I was awoken this morning by the grotesque hammering of a fire alarm. It was so loud and so inappropriate that it made me yell. I actually woke up screaming like a small child awaking from a nightmare. It was, of course, a special test alarm to welcome us all into institutionalised living. And when we got outside, a rather pleased-looking janitor type was smirking as all our names were read out. Fortunately we were all out of the building within the allotted time period, so we were, as you can imagine, thrilled beyond words to have passed. I live my life for these sorts of challenges. Knowing that I wouldn't have burned to death in an imaginary fire makes three Grierson nominations and four RTS Awards pale into insignificance!
And how dignified did I feel to be standing in a pair of boxer shorts in front of a field of 17 year old girls?
The sound, though. I can still hear it screaming through my head. It made me want to gouge my eyes out with a spoon and then force-feed them with a sprig of rosemary to whichever inanely-grinning sadist pressed the sodding button.
In an attempt to purge my body of violent thoughts, I spent five minutes after breakfast dancing the Charleston with our choreographer, Matt. In times of great stress, there's little better than a quick Charleston.
We worked our way through the epic prologue this morning. I like to call it the prolapse cus it's given everyone so much shit since we started rehearsing it. With a combination of great patience and a lot of hard work we managed to get through it and I'm pretty sure we're all taller and prouder as a result!
At 1pm, we stopped the rehearsal to mark the 100th anniversary of Britain declaring war on Germany. We had a minutes' silence, lit a candle, and then Sara, in her inimitable deep voice read a poem. At the end of our ritual I felt obliged to make the cast promise to keep the memory of the First World War alive. I think some of them were quite surprised that I'd actually exchanged letters with First World War veterans when I was a teenager. The First World War is to me what the Second World War is to them.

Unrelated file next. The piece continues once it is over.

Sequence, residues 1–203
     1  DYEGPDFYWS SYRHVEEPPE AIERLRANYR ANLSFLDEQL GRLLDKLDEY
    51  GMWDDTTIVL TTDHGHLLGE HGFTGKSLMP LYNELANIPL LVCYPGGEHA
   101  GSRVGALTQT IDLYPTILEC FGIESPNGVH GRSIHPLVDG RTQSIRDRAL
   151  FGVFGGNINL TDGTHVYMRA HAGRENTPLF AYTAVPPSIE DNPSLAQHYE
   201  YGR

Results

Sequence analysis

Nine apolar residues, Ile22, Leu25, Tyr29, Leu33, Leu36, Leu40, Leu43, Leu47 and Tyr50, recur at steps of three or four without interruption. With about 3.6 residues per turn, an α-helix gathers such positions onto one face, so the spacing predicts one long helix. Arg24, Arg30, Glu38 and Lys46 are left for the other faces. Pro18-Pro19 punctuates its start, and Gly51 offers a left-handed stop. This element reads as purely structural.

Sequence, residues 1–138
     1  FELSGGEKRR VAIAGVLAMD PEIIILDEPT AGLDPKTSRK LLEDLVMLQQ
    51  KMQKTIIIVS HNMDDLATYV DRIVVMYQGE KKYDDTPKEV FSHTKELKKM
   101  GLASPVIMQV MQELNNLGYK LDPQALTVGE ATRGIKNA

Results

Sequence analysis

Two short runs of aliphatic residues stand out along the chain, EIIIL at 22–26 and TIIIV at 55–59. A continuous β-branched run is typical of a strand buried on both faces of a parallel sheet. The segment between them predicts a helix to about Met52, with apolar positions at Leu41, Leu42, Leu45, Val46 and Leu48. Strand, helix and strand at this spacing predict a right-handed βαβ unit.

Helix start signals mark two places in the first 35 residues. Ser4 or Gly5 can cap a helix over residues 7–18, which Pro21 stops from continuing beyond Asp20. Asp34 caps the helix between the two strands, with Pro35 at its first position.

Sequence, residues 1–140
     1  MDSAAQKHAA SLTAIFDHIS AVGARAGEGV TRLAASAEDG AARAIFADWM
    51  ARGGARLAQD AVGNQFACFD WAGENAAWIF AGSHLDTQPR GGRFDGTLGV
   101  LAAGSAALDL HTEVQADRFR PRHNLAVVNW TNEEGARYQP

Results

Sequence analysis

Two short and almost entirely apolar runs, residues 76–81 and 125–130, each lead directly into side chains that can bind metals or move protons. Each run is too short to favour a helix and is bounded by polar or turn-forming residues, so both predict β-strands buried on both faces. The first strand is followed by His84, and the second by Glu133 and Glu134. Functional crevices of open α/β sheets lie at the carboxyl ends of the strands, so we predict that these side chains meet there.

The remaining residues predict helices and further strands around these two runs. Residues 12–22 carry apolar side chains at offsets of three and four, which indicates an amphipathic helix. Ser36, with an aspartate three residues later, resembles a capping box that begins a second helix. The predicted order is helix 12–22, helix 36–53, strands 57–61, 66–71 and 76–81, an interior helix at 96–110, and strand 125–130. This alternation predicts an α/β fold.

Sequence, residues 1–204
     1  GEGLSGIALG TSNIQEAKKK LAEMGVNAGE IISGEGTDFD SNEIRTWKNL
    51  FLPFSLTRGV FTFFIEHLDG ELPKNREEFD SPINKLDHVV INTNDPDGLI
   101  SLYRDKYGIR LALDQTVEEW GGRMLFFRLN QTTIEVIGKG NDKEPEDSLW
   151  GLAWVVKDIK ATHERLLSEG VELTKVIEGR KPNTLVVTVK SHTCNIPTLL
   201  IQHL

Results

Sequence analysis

When I was their age I directed a university production of Oh What A Lovely War. Perhaps when one of them is 40, they might direct the 20th anniversary production of Brass, and pass on the knowledge they've accumulated in the last six months.
This evening's session was largely spent on one of the other mega-numbers, Letters, which was another deeply exhausting experience. Sara, was heard to utter the w-bomb at one stage, which caused much hilarity. Why is an older woman swearing so deeply enjoyable? Actually, I don't know if these young people are just better brought up than me, but I'm quite surprised by how politically correct they all feel. They seem genuinely quite appalled by some of the terms I use. Suddenly I feel like my Grandad. All inappropriate and wee-stained. I'm just not sure he was being ironic. And I'm not yet wee-stained.
Anyway, Letters opened up a right can of worms which meant I was forced to spend 3 hours after rehearsals re-scoring all the underscore passages from the song, and then reformatting all the individual parts. By the time I'd finished, I wanted to gouge out my eyes with a spoon again. Back to the beginning of the cycle!
I can't believe I'm 40 on Friday. If you ever want to feel old, turn forty in the presence of 28 people who are exactly half your age!